“The verdict won’t be made by the court, but by the seven members of the party’s standing committee,” said Zhang Sizhi, a lawyer who defended Jiang Qing, the widow of party founder Mao Zedong, in a similarly sensational and politically charged trial in 1980. “Everything in court is already arranged. The court will be nothing but a rehearsed performance.”
For the past year, party leaders have been working outhow to deal with Bo in a way that satisfies party factions that support and oppose him, say many party officials speaking on the condition of anonymity because of the sensitive nature of the case.
For years, Bo campaigned for promotion to China’s highest circle of power — a seat on the seven-member standing committee. In pursuit of that goal, he cultivated powerful party and military allies but also became a polarizing figure.
Bo represented a brash, left-wing Maoist ideology that was in some ways the antithesis of the party’s market-driven factions. But the scandal and inner party battle that led to his fall from grace were largely struggles between power factions and not over ideological differences, party officials say.
Bo and Xi Jinping
Many believe that the negotiations over his fate have played out largely along the same lines. One key factor is Bo’s complicated relationship with China’s new president, Xi Jinping. Both belong to the party’s new generation of “princelings,” children of the party’s founding fathers. But the two did not always get along.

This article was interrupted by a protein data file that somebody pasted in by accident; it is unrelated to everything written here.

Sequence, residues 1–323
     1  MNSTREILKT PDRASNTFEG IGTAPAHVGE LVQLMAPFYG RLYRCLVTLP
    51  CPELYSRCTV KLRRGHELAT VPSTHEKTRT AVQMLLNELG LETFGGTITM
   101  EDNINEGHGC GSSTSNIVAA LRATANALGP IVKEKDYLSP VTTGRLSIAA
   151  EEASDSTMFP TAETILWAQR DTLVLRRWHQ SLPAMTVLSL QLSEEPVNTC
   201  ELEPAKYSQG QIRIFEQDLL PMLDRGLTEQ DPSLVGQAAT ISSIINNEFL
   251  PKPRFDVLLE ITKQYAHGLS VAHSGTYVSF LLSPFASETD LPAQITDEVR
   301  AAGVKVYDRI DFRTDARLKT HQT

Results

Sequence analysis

“Bo was very ambitious. He looked down upon Xi Jinping when he was young,” said one person with close ties with other princelings and schoolmates of the two. “When mentioning Xi Jinping in any occasion in those days, Bo Xilai often called him ‘idiot,’ and Xi knew it.”
Now, as adults, Xi and Bo are on opposite ends of the trial process. Xi — still in his first year as China’s top leader and trying to consolidate his hold on power — faces the thorny question of how severely to deal with Bo.
In an apparent reflection of Xi’s delicate position heading into the trial, former president Jiang Zemin recently issued an unusual comment praising Xi and urging party members to support him.
On Bo’s side, some believe that his main tools of leverage are the threat of division posed by his supporters as well as his knowledge, as a former member of the high-ranking party cadre, of potentially embarrassing secrets about others.